• The average life expectancy has increased by ~a quarter of a year every year, and relatively linearly 
      • But, Tyler brings up a good point: We use to spend a few percentage points of our GDP on healthcare, now we spend 18%!
        • “We’re spending more and more and more for exactly the same returns… There’s this invisible crisis, and people are distracted by the headlines about CRISPR, or whatever, but what you actually get for the money, performance is so-so.” Tyler Cowen
  • All of the following have grown linearly over the last 100 years: Number of PhDs, totals dollars spent on funded science, and number of published papers 
    • Therefore, there was an order of magnitude more input in the second half of the 20th century, but we achieved similar returns in terms of scientific progress compared to the first half of the 20th century
  • When NY decided to build a subway in 1900, 5 years later they opened 23 subway stations (in 2019 dollars, spent just over $1 billion doing so)
    • When NY decided to build a 2nd Avenue subway in 2000, 17 years later, they opened 3 stations and spent $4.5 billion doing so (productivity in regards to subway construction decreased by a factor of 40!!)
  • France built its high-speed rail system in just 5 years
    • California, at the start of their high-speed rail project, projected a 25-year timeline
  • (There are more examples like the above on Tyler’s website)

A Loss Sense of Optimism

  • “The notion that people have lost the ability to imagine a future much different and much better than what they know, to me, is one of the most worrying aspects of where we are now” Tyler Cowen
  • The percentage of Americans who think their kid’s lives will be better than their’s has been declining since World War II
    • “Americans are getting less hopeful about their’s and their kid’s futures, and that’s a really bad thing” – Patrick Collison
      • This lost sense of optimism about the future results in people investing less and not working as hard

A Loss of Experimentation at the University Level

  • “It’s striking to me, if you look at a list of American universities, the list of the top places in the 1920s and the top places today is completely the same, except we’ve added on California. Otherwise, there’s been no change.” – Tyler Cowen
    • (This is much different with companies – the list of the top 10 companies by market cap changes every decade)
  • Another metric: Procedures for tenure in the top 50 research universities hasn’t changed much at all
    • “There’s not enough experimentation with how you reward people. More schools should experiment with different kinds of tenure or reward people more on the basis of practical impact… The extent to which experimentation has died at the institutional level is striking.” – Tyler Cowen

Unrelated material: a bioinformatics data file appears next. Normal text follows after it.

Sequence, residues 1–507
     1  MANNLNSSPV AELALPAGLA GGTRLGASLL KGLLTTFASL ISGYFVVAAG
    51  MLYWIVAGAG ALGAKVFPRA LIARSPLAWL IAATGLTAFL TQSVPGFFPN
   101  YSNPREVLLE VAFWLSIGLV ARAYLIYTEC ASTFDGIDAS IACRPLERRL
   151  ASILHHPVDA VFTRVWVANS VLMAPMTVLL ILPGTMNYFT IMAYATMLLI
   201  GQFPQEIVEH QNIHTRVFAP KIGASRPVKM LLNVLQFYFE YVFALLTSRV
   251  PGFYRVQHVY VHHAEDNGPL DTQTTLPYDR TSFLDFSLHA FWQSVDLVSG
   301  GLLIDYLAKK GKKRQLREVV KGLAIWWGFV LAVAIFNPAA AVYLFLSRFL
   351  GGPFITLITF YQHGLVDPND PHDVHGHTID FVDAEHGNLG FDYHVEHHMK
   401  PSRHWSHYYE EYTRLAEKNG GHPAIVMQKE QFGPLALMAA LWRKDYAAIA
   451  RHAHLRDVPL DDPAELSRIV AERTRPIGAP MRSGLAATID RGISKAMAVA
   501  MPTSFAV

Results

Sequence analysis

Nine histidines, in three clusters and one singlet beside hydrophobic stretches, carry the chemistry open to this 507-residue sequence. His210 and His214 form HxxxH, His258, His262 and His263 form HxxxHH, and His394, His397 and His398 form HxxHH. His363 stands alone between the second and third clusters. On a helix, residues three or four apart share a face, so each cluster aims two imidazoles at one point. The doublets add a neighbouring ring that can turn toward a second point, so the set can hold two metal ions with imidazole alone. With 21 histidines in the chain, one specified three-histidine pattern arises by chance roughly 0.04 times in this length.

Funding Progress

  • Tyler created a fund, Emergent Ventures, which he plans to use to support academics studying the field of progress
    • “Not enough philanthropy is long-term oriented… And also in philanthropy, there’s too many choke points that can say no.” – Tyler Cowen
      • With Emergent Ventures, Tyler plans to fight this
  •  Tyler likes to fund people who:
    • Are curious (this is very important for intellectual progress)
    • Have big ambitions
    • Have stamina
    • Are working in small, productive groups

The Cost Disease Question

  • Things like rent, healthcare, education, etc. have skyrocketed in the U.S.
    • But in other areas, like tech, where competition drives down prices, there’s been improvements
  • More examples:
    • The cost of living in cities has skyrocketed
    • ~Total student debt is nearly $2 trillion
  • A few reasons for the above: 
    • Restrictions on entry
    • Highly bureaucratized institutions
    • High entry costs
      • For example, it’s almost impossible to create a successful new university today
  • That said, there’s certainly room for improvement (and we need to study this more!)
    • In Singapore, healthcare spending is only 4% of their GDP, and they have a slightly higher life expectancy than the U.S.
    • In Japan, the Nimby problem (the cost of living/getting an apartment) is mostly solved
  • Mark adds:
    • “If these problems continue at the rate they’re going at, it’s quite hard for me to imagine how we could do enough good to overcome the increases in costs people are incurring in areas that are so fundamental”Mark Zuckerberg

How can we bring the costs down?

  • Healthcare is complicated because it’s so political
  • In terms of housing costs:
    • It’s much easier to move bits around than atoms – advancements in technologies like AR and VR will enable people to be where they want to be without having to move there physically
    • Things like the Hyperloop will expand the “radius” of cities, allowing people to live much further away
  • In summary: “It’s hard for me to imagine more important problems over the next decade… The exploding costs in these areas are such a profound issue.” – Mark Zuckerberg

Additional Notes

  • “I’ve often suggested that for graduate school, instead of taking a class, everyone should be sent to a not-so-high income village for two weeks. They can do whatever they want. Just go for two weeks and think about things.” – Tyler Cowen